Alone in the dark at last.
I gave myself an hour before I forced myself to my feet. The sensory overload hadn’t yet fully faded, but I couldn’t justify staying any longer in the parlor. I still had to die for the day, and -- fuck. Shiloh.
I charged out of the parlor as fast as my hazy brain would let me, the weight of new blood in my system lay heaviest in my limbs, and I fumbled with the doorknob. I had a heartbeat’s warning to jump backward -- which I heeded -- before Ollie slammed into the room at full speed, her eyes narrowed and fangs bared.
Bracing myself against the settee, I froze. She barely glanced at me before grabbing my arm and pulling me towards the door.
“Let’s go,” she snarled. “I want to see the bitch that put Shiloh in a gods-be-fucked coma.”
I snatched my arm away from her grasp. We stood in the hallway, with her blocking the exit. She had changed out of her kink attire into black sweatpants, a loose tank top, and a silk hair wrap. Her face was free from make-up, though I noted the shine of her moisturizer. She’d stuck her bare feet into a pair of black combat boots, but had left the laces untied.
With a sigh, I folded my arms over my chest, and shook my head. “No. She’s a child, in the very literal sense, and she didn’t do it on purpose.”
“I don’t give a goose-shat fuck how old she is or if she meant to do it,” Ollie said, lifting her chin. Her voice shook as she gestured to me, and then to the study. “You nearly died protecting her, and now Shiloh is on life support and Mateo is crying in Salma’s arms right now.”
I sighed and rubbed a hand over my face. Fuck. She got me right in the chest with that one, and I knew he wouldn’t thank her for telling me.
“He called Viktor, Bunny,” she said, keeping her voice lowered.
Ah, double fuck.
Viktor Magnusson was Mateo’s sire, and his sister, Petra, was Salma’s. The siblings had met, seduced, and turned the two humans within a week of each other, and then summarily abandoned them to deal with it all on their own. The results hadn’t been pretty.
Things were different back then, Salma would say, defending their respective sires with furtive glances at her brother. She and Petra had buried the hatchet, so to speak, centuries ago, and got together every so often for a meal and gossip. Salma was a very forgiving person. It was one of her best traits.
Mateo didn’t talk about or to Viktor.
For him to pick up the phone and deliberately reach out meant Mateo had no idea what to do. He was grasping at straws, praying and hoping that something would pay off.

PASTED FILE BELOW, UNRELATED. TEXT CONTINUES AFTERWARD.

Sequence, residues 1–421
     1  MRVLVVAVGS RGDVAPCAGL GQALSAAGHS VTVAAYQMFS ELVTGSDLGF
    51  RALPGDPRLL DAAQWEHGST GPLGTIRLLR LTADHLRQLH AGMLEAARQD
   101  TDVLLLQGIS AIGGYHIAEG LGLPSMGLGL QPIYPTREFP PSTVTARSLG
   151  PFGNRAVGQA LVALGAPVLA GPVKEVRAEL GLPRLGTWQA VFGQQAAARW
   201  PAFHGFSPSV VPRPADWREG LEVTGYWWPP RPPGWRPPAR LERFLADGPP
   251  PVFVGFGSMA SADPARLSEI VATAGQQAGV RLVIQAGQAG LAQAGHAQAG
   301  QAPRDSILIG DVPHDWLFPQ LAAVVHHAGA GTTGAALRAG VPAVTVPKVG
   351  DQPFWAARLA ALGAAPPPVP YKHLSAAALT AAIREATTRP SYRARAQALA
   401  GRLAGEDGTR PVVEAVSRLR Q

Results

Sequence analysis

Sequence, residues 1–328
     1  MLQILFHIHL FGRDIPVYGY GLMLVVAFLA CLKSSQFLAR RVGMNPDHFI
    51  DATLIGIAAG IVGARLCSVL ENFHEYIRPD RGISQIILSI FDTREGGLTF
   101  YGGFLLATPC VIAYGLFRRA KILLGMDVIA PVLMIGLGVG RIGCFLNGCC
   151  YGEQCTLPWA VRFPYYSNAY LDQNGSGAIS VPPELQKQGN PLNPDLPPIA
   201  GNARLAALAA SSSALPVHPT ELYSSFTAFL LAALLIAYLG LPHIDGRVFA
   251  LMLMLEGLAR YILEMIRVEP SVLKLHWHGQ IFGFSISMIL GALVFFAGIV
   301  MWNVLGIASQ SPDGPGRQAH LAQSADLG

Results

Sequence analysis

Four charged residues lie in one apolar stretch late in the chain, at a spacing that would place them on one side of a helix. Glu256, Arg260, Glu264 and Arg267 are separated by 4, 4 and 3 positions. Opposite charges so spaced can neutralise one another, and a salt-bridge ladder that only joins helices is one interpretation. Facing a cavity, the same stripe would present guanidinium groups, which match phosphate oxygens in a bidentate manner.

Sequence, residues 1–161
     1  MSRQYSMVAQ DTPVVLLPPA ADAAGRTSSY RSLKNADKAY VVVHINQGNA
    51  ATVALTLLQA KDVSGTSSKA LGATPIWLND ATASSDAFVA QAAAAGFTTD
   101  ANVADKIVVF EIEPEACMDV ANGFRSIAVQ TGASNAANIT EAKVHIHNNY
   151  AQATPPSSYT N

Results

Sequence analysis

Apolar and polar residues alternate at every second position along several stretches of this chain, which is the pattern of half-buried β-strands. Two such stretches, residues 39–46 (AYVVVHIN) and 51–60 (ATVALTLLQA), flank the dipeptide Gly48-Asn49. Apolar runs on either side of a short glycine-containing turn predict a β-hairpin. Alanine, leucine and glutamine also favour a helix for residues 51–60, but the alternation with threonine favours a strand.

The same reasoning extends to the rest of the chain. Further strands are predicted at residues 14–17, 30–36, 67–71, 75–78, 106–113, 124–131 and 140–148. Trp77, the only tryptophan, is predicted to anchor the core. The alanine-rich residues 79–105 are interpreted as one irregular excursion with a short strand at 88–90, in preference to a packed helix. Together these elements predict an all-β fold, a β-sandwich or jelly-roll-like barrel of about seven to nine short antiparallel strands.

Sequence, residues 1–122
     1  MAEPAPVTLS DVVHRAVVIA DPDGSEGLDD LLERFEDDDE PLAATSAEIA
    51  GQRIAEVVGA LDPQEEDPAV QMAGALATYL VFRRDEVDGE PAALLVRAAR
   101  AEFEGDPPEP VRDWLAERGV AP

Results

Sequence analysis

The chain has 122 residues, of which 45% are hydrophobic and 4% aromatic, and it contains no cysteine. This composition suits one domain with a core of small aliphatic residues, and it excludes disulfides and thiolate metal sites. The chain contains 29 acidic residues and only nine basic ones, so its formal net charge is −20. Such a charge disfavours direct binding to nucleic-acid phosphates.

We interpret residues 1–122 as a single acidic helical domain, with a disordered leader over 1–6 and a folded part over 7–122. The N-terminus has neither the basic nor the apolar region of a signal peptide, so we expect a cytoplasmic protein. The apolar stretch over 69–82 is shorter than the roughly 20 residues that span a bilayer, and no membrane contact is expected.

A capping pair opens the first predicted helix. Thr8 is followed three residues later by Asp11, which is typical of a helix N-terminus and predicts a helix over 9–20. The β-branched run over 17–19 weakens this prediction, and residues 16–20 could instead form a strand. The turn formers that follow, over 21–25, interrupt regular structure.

“Did he pick up?” I asked, matching her volume.
She cocked a brow at me. “What do you think?”
I imagined Mateo, crying in Salma’s arms. No. Viktor wouldn’t answer. A bad conversation would’ve energized my sire, would’ve lit him up with bitter rage and sent him on the warpath. It would’ve been him, rather than Ollie, desperate to do anything other than sit and wait for a miracle.
Ignoring Mateo completely was Viktor’s weapon of choice, and it had always been devastatingly effective.
“You can’t hurt the kid. She really didn’t do it on purpose, and,” I added, grunting in annoyance. “Not to victim-blame here, but it was self-defense. Shy started it, or it wouldn’t have been possible for the kid to deflect it back.”
Ollie’s manic energy faded, and she leaned back against the wall, burying her face in her hands. Her voice was thick with unshed tears. I stepped beside her, bumping her shoulder with mine.
“We’re gonna figure this out, and it’s gonna be okay.”
“What the hell is going on, man? One day, everything is fine, and now, it’s all headed to Satan’s sweaty ballsack in a broken, leaky condom.”
“I fuckin’ wish I knew,” I said, letting my own weariness color my voice. “It’s not long ‘til dawn, Ollie-bee. Let’s get some rest, and we’ll look at it all fresh tonight.”
“I’m so worried about you, Cottontail," she said, looking up at me. "Don’t get me wrong, I always worry about you, but I don’t have a good feeling about any of this.”
There was nothing I could say to that. I tried to think of some comforting platitude to sooth her, because the concern in her eyes was too familiar, and I couldn’t stand it. Instead, I gave her a small, weak smile, and hugged her close. She tucked her head under my chin, her arms going under mine to wrap around me. After a long pause, both of us just soaking in the mutual solace, I pulled away. I threw my arm over her shoulders, and began guiding her back towards the stairs and the bedrooms. Nuzzling the collar, she sniffed at my shirt.
“You smell like cat,” she murmured.
“That’s nothing new,” I said lightly. She hummed in a vague, sleepy response, drained and exhausted enough that she dragged her feet up the stairs. Halfway to the top, I rolled my eyes and lifted her into my arms to carry her the rest of the way.
Once I’d deposited her, carefully tucked into her lush four-poster monstrosity of a bed, I staggered my way down the hall to my own room. When the sun fully broke past the horizon, the new magic in my veins raced through me like fireworks.
I crashed into my bed to the fading sound of the house locking down.